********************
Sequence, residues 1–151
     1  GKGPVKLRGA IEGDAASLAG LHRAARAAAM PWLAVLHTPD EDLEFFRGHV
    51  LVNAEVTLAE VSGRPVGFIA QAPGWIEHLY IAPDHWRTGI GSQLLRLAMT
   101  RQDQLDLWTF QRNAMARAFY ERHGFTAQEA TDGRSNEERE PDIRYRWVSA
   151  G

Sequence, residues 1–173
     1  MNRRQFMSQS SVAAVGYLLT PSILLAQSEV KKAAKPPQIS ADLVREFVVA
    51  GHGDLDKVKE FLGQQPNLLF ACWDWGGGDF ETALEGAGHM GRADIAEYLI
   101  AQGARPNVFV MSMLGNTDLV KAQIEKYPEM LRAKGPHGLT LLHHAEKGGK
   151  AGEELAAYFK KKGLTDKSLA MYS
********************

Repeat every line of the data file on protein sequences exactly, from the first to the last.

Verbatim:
Sequence, residues 1–151
     1  GKGPVKLRGA IEGDAASLAG LHRAARAAAM PWLAVLHTPD EDLEFFRGHV
    51  LVNAEVTLAE VSGRPVGFIA QAPGWIEHLY IAPDHWRTGI GSQLLRLAMT
   101  RQDQLDLWTF QRNAMARAFY ERHGFTAQEA TDGRSNEERE PDIRYRWVSA
   151  G

Sequence, residues 1–173
     1  MNRRQFMSQS SVAAVGYLLT PSILLAQSEV KKAAKPPQIS ADLVREFVVA
    51  GHGDLDKVKE FLGQQPNLLF ACWDWGGGDF ETALEGAGHM GRADIAEYLI
   101  AQGARPNVFV MSMLGNTDLV KAQIEKYPEM LRAKGPHGLT LLHHAEKGGK
   151  AGEELAAYFK KKGLTDKSLA MYS